Flying To A New Life: PILOTS DONATE TIME AND PLANES TO TRANSPORT ANIMALS
Modified: Sep 27, 2012 07:24 PM
Someone dropped off Tucker and Jasmine, two black Lab puppies, at the Wayne County animal shelter about two months ago.
On the second Sunday in September, the three dogs waited at a Smithfield airport for a plane to fly them to a new chance.
Durham resident Rick Gutlon would fly the first leg of the 525 nautical mile journey from Smithfield to New Hampshire. He is one of about 3,000 pilots in 49 states who volunteer for the Pilots N Paws network, which has transported more than 10,000 rescue animals since the South Carolina-based nonprofit was founded in 2008.
Pilots and rescue organizations meet and organize trips through pilotsnpaws.org in an effort to move dogs and cats facing euthanasia to homes and shelters that have room.
The Humane Society of the United States estimates U.S. animal shelters care for 6 to 8 million dogs and cats every year; about half are euthanized.
This weekend, pilots and other volunteers plan to participate in Pilots N Paw’s fourth annual rescue flyaway. The event aims to raise awareness and to relocate about 300 North Carolina dogs to shelters and fosters from Florida to New Jersey and Ohio.
An early start
For Gutlon, the Sept. 9 trip started with weather updates at 4 a.m.
By 7:15 a.m. Gutlon had prepared, loaded and pulled his four-seater plane from its shelter at Lake Ridge Airport on East Geer Street near Falls Lake.
The 1964 Cessna 172 Skyhawk’s blue stripes on the white plane were polished and its windshield cleaned. Gutlon taxied the plane to a smooth take off from a bumpy grass runway to head toward Johnston County.
“The air is smooth as silk,” he said.
About 30 minutes later, Gutlon landed in Smithfield, where Sammy, Tucker and Jasmine waited in the parking lot.
Sammy’s owner Sandy Davis’ face was wet with tears. “It is very complicated for us,” said Davis, who had Sammy and two other dogs when she gave birth to a son in April. “We had more on our plate than we could handle.”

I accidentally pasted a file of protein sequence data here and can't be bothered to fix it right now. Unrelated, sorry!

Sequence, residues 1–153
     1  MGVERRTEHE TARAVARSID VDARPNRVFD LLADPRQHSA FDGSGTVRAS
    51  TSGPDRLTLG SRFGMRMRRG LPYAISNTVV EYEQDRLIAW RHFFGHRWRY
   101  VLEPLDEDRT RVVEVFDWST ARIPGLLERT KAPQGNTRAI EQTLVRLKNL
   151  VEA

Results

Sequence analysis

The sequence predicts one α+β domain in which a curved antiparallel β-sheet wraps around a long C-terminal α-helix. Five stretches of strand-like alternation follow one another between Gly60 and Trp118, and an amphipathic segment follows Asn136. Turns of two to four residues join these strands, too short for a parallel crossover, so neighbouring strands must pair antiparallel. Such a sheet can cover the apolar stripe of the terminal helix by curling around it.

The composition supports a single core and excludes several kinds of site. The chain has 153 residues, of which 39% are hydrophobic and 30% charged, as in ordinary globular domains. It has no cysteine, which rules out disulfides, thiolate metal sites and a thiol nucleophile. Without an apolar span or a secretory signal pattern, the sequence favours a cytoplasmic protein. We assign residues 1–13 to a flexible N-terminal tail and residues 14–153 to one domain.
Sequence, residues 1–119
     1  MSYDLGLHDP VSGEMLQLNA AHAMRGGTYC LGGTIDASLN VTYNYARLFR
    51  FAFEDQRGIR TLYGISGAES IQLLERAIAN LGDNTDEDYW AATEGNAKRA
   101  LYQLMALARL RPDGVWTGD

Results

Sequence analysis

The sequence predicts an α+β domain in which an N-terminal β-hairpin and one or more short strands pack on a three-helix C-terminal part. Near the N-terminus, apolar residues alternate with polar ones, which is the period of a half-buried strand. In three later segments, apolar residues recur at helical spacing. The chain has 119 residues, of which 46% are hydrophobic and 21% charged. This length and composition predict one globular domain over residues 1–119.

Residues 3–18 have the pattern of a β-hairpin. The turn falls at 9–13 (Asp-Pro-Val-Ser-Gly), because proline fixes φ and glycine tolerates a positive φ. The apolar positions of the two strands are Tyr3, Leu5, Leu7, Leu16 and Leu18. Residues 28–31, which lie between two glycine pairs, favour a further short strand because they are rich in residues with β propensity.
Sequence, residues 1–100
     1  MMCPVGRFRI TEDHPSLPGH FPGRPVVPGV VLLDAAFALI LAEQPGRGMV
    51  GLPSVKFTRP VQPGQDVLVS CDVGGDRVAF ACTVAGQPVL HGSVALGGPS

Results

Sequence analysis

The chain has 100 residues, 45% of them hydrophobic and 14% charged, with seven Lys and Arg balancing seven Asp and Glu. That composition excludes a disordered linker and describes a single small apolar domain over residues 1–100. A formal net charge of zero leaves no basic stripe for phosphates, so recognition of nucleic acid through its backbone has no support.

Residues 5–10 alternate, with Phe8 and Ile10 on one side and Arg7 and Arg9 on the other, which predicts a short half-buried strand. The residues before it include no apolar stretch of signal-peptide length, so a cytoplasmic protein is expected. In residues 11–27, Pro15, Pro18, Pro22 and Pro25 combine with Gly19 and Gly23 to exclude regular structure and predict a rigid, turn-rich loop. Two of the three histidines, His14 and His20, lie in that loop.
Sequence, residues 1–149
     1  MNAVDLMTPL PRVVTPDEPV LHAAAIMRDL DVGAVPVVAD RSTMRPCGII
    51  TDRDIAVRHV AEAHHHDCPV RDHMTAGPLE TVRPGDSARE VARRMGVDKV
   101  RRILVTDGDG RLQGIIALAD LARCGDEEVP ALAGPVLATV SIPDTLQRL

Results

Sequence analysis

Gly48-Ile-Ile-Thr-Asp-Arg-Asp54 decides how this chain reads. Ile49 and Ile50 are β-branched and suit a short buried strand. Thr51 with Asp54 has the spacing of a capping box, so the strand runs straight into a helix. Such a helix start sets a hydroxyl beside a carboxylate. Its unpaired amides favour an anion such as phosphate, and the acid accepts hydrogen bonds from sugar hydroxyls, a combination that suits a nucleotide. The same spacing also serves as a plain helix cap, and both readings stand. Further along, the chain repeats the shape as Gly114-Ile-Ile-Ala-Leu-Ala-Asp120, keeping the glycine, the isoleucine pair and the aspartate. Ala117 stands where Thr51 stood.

Since the baby was born, Davis said she and her husband couldn’t give the dogs as much attention as they needed.
Sammy, who takes medication to prevent seizures, needed more exercise. He started causing problems, such as getting into the trash and snapping at another dog, she said. For months Davis said she unsuccessfully searched for a place to surrender him.
“No thanks,” she was told again and again.
When Davis surrendered another dog back to the Johnston County Animal Protection League, representatives connected her to Joy Frannicola, who along with her husband runs a dog rescue operation at their Ruff Creek Ranch in Smithfield. Through Pilots N Paws, Frannicola has established a local network of pilots who regularly shuttle north the adoptable dogs she and others identify in local shelters.
“(Sammy) has two strikes against him. His age and his medical condition,” Frannicola said. “Luckily, I have contacts.”
One of the contacts, Lisa Borst, with Rosemont Labradors in Hinsdale, N.H., has helped Frannicola place more than 100 dogs, Frannicola said.
After Jasmine and Tucker were dropped off at the Wayne County shelter in Goldsboro, a shelter worker found a foster home for the lab puppies – which had worms and were missing hair around their eyes and feet — to buy some time for the dogs to get into adoptable shape.